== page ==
In our April edition of our monthly blog “May The Force Be With You”, we talked about how to stay digitally protected. This included tips on how to protect yourself online as well as how to protect your digital files.
This sparked some discussion amongst a few of our own members and staff on the topic of how to protect yourself as a therapist. This conversation brought up some tips and situations that therapists may not be be aware of, or know to think of, especially when just starting out in the industry.
Here are a couple of our amazing members’ experiences:
“I would probably use caution working somewhere that offers student massages, or employs people who are not RMTs, as I have heard of companies billing under registered therapists that work in the same location. I heard a rumor that someone I went to school with who didn’t graduate was practicing unregistered and his employers billed his clients under another practitioner’s name.
Another suggestion is maybe to check your schedule to see if any clients you haven’t seen have been added. Print out your schedule after every pay period and make sure the numbers add up. Then keep those records in case you are ever contacted by the CRA. That way you can show you were never paid for treatments that were charged under your name that you didn’t perform.
My friend that was contacted by Manulife to verify some recent charges looked at her schedule and none of the suspect charges were in her schedule. She had never even seen the clients in question. When she was reviewing a couple weeks later, the owner had added fake appointments, and even fake notes.
I’ve also read some articles about RMTs and acupuncturists being charged because they agreed to the insurance fraud and received cash or a percentage of fraudulent claims. I would say always keep records of everything so if you are contacted about fraudulent charges, the authorities don’t suspect you were at fault or part of the scheme.
I used to only stamp my clients’ receipts, so that only they had my RMT number, but with everything online now that’s not an option for most people.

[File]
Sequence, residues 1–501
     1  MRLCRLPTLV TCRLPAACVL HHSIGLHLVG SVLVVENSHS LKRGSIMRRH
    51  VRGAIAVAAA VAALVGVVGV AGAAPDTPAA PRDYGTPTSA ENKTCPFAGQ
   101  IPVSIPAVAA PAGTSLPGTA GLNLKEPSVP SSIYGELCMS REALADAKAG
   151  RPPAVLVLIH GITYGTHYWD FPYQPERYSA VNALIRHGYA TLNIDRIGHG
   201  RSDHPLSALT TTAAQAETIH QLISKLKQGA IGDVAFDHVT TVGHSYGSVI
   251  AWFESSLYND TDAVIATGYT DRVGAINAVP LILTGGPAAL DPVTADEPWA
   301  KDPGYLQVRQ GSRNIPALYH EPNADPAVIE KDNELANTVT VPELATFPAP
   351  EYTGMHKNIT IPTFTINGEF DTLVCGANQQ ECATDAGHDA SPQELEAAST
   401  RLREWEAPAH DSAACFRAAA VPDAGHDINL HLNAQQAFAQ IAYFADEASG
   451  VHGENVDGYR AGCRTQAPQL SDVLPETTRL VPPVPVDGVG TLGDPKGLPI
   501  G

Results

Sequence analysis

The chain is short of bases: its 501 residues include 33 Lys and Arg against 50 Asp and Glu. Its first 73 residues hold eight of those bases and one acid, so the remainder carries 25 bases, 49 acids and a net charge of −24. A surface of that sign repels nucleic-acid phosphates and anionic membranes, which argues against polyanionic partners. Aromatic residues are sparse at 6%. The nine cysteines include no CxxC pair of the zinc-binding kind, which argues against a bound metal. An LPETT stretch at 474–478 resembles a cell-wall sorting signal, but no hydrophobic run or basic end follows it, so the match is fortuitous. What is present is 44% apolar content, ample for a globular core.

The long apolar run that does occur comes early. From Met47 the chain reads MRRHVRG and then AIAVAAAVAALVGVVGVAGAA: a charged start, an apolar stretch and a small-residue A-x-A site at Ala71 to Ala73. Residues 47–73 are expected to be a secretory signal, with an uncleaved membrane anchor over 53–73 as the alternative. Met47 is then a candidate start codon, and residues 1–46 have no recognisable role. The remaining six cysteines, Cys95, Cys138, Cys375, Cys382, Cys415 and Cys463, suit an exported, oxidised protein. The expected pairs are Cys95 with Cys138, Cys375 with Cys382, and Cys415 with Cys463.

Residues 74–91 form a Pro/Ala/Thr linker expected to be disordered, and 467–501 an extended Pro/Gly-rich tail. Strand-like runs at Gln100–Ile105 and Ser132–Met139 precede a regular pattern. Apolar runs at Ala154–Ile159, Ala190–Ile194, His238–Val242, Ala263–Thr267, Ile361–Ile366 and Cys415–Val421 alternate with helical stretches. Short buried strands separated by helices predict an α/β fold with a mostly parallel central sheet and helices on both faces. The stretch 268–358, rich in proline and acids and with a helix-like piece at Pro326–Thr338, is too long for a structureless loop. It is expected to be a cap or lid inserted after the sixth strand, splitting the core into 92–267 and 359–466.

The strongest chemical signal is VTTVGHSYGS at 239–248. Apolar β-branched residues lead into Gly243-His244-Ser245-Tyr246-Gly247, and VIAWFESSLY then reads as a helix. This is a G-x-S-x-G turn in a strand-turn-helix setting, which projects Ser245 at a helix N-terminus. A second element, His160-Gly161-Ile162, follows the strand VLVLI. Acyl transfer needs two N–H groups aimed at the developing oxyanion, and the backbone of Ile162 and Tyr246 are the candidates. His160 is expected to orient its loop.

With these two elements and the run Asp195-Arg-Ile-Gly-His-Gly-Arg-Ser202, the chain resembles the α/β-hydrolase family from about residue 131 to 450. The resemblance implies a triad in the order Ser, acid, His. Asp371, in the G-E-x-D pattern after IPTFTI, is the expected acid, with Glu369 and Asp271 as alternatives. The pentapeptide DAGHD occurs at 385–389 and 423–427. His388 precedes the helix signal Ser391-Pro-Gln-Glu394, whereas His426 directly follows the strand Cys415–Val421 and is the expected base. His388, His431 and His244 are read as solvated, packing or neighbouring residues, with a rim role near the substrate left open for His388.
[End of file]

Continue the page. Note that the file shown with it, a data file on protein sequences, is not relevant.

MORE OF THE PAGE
I worked at one place where I paid commission at the end of the month on a percentage basis. That way I was able to issue receipts myself and do my own direct billing, so I didn’t have to share my RMT number with the clinic, only my clients. Again, that’s not something you find very often so I don’t know if that’s helpful. I hope you can find some more helpful tips. I guess my only one is to work for yourself!”
Another member of ours shared the following information to consider to further protect yourself:
“Make sure a proper hiring contract is delivered to include:
1. A detailed statement is received of what is being billed under your number to compare to your client’s treated.
2. This should also include a detailed income statement showing all tips to make sure the correct income is being paid to the therapist. I was in a situation where 10% of tips were being taken without my acknowledgment for 3 years.
3. Change your Billing number after you leave a place of work if you suspect it is being used fraudulently.
4. Have clear details on commission rates or rent so you know the exact fee being charged to clients and your pay.
5. A place of business can not make you sign a contract that you can not work for someone else as a subcontractor. This is your billing number, no one can limit your ability to direct bill for treatments rendered in different ways whether it is in clinics, mobile, or home-based. Beware of such dealings.
6. Discuss/detail how you will be paid based on how you want/need your taxes will work for you. Does your Accountant want you to receive 100% of your income and pay the rent or commission back? This will show a higher income rate for your business. Be clear on what you require. If you have a % split are your statements only showing the 60%? At the bank, this will be 100% income from their point of view. “
We hope these tips will come in handy for you and help to prevent any possibly fraudulent activity.